For the past two years or so, I’ve requested to not have anything to do with visiting teaching. I have a kind of meta-guilt about this, in that I feel like I ought to feel guilty for it. (I certainly hear plenty of exhortations on the subject calculated to prick one’s conscience.) But the truth is that I don’t actually feel all that bad. Not being involved in visiting teaching has been such an immense relief for me that it’s hard to summon up much regret for having made such a choice.
I don’t entirely understand why I have such negative feelings about the whole thing. It certainly hasn’t been all bad; I’ve at times had visiting teachers and teachees whom I quite liked. And unlike many people I’ve talked to, I haven’t had any truly awful visiting teaching experiences. But nonetheless, when I have participated in the program, it’s usually felt like far more misery than it was worth, a horrible weight hanging over me every month. I’m not exaggerating when I say that I’ve generally viewed upcoming visiting teaching appointments in a similar manner to how I’ve viewed upcoming exams, with a combination of stress and anxiety and even dread.
Maybe part of the problem is my sense that in such a context I have to censor much of who I am. When church-related topics are discussed, I often don’t want to say what I really think for fear that it will lead to either a fight (which I’m guessing is probably not one of the Relief Society’s goals for visiting teaching), or that the other sisters will be concerned for my eternal soul and start trying to “fix” me. And it takes a lot of energy to come up with comments which aren’t dishonest but which also aren’t going to stir up unnecessary controversy. What do you say, for example, when you more or less disagree with the official message, and your companion and the visiting teachee are discussing how marvelous it is? It’s not that I think that all disagreement should be avoided, though I’ll admit to being a person who isn’t crazy about conflict. But visiting teaching doesn’t usually feel like the most appropriate setting to start airing my more heretical thoughts.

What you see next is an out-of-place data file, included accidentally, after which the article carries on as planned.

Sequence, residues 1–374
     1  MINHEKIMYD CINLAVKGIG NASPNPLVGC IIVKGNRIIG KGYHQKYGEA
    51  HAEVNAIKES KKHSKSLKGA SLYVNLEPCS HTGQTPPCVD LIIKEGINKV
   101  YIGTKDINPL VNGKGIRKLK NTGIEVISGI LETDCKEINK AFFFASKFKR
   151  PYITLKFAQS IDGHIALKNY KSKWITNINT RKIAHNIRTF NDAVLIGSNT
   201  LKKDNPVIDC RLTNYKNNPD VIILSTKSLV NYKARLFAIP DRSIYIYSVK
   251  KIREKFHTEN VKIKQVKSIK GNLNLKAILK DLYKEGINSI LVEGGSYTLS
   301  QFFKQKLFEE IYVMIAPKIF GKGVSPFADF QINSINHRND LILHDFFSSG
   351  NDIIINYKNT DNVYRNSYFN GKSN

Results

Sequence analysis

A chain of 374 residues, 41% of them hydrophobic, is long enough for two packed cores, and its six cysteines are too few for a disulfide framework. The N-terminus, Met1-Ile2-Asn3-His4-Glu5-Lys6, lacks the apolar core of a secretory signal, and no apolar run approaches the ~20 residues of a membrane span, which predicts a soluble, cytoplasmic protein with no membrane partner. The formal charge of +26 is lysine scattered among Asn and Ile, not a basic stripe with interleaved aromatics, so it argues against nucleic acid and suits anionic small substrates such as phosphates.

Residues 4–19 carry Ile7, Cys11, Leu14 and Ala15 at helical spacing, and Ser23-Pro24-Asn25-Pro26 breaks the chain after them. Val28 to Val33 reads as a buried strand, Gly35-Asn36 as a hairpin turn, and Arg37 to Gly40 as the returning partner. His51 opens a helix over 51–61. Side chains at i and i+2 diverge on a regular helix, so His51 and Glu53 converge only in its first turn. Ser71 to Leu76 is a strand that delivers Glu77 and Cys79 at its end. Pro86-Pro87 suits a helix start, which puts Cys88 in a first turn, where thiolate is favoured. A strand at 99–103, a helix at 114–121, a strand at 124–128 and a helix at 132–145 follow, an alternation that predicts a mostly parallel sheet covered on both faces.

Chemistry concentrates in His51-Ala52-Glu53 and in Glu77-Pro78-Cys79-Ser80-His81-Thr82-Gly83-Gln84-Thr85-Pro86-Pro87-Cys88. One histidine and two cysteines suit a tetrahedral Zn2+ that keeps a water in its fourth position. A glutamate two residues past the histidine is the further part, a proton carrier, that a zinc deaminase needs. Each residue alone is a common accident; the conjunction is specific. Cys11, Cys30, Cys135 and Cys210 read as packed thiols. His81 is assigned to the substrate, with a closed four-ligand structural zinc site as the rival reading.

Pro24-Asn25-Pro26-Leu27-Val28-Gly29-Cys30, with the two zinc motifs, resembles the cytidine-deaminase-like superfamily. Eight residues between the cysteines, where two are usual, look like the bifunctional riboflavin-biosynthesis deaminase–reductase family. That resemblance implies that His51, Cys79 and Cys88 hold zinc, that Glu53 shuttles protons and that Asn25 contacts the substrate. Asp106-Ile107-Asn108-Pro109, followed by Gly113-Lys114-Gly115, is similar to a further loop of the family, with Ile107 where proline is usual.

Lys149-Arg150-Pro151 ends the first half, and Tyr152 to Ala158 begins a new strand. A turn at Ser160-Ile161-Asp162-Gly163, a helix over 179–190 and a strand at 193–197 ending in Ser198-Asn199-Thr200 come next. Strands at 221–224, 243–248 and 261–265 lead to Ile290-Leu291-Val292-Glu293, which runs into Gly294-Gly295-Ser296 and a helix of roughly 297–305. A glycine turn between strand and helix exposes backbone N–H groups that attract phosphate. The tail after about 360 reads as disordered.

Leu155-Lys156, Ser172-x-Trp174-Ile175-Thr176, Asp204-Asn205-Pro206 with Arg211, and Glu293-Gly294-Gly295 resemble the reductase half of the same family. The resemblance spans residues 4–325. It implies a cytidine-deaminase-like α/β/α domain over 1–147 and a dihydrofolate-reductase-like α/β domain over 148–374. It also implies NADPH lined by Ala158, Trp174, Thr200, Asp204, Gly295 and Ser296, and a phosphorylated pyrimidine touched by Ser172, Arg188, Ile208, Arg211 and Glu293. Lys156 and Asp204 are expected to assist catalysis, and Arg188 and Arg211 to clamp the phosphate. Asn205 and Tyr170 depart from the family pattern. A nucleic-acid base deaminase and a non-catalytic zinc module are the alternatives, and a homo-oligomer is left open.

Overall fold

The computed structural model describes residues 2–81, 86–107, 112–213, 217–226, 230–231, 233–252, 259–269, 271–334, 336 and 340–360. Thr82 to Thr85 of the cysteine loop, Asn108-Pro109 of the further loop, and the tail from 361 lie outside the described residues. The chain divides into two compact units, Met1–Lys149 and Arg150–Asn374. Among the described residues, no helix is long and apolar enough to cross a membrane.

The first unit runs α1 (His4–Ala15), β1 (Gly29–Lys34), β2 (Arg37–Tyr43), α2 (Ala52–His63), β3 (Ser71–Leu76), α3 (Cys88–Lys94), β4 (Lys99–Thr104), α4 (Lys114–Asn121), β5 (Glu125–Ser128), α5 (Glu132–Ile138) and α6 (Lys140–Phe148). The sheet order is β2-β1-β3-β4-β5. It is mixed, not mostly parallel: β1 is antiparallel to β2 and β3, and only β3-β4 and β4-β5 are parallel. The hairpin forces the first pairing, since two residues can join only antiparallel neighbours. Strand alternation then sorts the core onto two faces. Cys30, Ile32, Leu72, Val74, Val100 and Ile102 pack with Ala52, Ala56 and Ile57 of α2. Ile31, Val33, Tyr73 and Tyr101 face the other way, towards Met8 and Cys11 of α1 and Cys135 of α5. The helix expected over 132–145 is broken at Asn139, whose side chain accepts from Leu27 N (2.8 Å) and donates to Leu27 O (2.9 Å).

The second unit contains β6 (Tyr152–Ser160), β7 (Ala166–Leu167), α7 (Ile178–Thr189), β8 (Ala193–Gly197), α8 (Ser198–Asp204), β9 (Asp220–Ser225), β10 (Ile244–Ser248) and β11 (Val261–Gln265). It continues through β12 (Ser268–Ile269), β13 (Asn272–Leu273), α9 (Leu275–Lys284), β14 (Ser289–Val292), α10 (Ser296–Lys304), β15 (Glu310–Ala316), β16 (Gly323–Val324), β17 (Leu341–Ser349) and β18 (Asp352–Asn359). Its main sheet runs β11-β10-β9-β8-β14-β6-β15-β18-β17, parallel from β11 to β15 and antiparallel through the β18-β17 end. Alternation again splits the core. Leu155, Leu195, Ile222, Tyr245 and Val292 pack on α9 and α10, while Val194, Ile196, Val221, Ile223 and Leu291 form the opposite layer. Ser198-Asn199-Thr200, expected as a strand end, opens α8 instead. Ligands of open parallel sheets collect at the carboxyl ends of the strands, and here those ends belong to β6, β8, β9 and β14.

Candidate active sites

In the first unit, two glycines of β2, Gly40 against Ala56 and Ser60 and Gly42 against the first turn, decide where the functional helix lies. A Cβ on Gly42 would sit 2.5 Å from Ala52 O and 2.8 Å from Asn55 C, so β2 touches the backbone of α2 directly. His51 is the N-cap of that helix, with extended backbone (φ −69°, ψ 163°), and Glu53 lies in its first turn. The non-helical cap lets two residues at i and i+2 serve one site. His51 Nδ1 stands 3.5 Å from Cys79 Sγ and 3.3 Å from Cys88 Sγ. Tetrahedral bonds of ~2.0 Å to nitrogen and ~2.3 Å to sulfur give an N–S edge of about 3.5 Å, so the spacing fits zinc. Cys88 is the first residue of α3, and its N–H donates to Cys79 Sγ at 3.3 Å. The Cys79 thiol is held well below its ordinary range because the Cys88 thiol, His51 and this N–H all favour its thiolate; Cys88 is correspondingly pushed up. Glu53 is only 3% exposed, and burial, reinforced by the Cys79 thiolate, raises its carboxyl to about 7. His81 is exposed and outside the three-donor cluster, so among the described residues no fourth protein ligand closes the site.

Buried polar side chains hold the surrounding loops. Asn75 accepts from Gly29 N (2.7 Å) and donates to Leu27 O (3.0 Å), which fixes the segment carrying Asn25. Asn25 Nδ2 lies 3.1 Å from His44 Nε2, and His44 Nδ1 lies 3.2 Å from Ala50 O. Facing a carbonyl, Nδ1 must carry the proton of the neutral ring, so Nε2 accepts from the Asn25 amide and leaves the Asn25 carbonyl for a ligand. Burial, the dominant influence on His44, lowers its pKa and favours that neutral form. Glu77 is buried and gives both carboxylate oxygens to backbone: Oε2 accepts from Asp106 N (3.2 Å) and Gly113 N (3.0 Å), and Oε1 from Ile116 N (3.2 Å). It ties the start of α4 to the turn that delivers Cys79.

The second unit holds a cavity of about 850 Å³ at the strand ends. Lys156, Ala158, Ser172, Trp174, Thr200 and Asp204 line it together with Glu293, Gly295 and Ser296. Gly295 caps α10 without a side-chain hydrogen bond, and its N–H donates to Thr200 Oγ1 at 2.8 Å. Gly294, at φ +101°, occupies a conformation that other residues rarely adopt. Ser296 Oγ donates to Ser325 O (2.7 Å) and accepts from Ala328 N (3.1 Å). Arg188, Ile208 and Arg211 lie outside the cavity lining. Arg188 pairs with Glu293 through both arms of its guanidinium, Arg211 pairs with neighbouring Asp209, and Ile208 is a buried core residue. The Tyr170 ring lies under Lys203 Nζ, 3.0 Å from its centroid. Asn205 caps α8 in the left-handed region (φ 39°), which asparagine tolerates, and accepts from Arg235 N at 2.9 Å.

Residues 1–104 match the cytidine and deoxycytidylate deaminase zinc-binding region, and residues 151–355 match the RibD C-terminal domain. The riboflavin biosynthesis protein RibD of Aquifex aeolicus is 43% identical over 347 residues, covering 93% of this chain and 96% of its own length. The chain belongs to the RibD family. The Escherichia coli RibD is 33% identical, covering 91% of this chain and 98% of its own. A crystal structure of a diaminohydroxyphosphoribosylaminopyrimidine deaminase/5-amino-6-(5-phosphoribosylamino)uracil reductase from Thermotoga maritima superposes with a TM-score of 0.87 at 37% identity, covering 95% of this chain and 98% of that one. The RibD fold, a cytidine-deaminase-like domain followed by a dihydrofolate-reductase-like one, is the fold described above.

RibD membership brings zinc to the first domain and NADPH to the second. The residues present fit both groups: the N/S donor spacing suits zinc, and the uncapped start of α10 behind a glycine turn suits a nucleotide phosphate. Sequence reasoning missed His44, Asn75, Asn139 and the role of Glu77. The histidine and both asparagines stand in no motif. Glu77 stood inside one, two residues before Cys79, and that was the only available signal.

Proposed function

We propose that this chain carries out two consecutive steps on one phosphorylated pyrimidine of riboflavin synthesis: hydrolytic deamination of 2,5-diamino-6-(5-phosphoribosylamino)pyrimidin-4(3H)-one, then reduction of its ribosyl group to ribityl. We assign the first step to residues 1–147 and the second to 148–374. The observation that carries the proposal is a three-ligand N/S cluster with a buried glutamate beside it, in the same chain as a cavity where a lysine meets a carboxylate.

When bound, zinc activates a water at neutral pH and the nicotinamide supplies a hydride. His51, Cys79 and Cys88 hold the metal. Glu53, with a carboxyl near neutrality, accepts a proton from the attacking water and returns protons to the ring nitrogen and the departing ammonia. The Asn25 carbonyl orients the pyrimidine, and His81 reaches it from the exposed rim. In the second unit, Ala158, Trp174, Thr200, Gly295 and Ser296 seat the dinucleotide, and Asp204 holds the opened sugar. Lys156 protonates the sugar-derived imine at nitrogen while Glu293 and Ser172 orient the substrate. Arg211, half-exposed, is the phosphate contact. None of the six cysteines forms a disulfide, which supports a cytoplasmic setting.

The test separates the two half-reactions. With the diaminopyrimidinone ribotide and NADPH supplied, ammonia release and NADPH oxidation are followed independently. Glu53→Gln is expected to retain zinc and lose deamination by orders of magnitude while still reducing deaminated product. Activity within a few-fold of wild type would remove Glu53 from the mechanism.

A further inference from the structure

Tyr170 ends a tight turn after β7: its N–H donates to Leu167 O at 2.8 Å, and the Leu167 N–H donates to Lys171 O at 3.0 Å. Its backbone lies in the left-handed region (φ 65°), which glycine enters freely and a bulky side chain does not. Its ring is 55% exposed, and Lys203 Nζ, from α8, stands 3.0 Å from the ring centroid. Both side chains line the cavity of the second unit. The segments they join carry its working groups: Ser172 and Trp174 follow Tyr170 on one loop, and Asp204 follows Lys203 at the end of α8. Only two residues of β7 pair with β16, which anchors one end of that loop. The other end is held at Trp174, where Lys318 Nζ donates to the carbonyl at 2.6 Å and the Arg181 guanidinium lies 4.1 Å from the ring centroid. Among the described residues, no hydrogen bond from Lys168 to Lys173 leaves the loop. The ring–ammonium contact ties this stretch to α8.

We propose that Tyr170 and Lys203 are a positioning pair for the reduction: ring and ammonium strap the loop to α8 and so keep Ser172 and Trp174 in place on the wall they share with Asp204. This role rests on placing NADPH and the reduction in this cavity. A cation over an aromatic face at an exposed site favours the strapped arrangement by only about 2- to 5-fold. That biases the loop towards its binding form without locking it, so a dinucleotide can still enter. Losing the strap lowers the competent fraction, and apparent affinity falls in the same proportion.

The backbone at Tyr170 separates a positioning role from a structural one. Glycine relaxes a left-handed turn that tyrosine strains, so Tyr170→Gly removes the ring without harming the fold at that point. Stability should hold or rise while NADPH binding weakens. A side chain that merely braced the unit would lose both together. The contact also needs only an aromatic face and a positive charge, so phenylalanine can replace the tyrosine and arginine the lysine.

Part of this is probably also tied to personality tendencies. I’m very introverted, and I find engaging in small talk with people whom I don’t know well to be roughly as pleasant as having root canal work in the best of situations, let alone situations in which you’re visiting someone who would probably rather be doing something else but is doing their duty by allowing you to come by.
But this is one of the many areas in my relationship to the Church where I find it hard to delineate how much of the problem is me (my negative attitude? my lack of faith?) and how much is a legitimate mismatch between the program and myself. In other words, could I make it work for me if I tried harder, or would that be more akin to repeatedly banging my head against the wall and expecting it not to hurt?
The strange thing is that at least in theory, I rather like the idea of visiting teaching, of working to ensure that everyone in a ward feels connected to at least a few other people. I really can see its potential value. But when I’m confronted with the reality of it, my immediate impulse is to go into hiding. So I’m curious–how do other people feel about visiting teaching? Do you do it? What aspects of it have you found positive, or not-so-positive?
- 12 January 2006